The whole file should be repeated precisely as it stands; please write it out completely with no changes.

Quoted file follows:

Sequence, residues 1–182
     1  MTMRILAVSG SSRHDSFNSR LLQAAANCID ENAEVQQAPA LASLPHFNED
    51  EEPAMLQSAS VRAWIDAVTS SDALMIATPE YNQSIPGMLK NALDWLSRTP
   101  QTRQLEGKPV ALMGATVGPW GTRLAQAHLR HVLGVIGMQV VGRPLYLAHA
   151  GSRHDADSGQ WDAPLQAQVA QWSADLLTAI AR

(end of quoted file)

Sequence, residues 1–182
     1  MTMRILAVSG SSRHDSFNSR LLQAAANCID ENAEVQQAPA LASLPHFNED
    51  EEPAMLQSAS VRAWIDAVTS SDALMIATPE YNQSIPGMLK NALDWLSRTP
   101  QTRQLEGKPV ALMGATVGPW GTRLAQAHLR HVLGVIGMQV VGRPLYLAHA
   151  GSRHDADSGQ WDAPLQAQVA QWSADLLTAI AR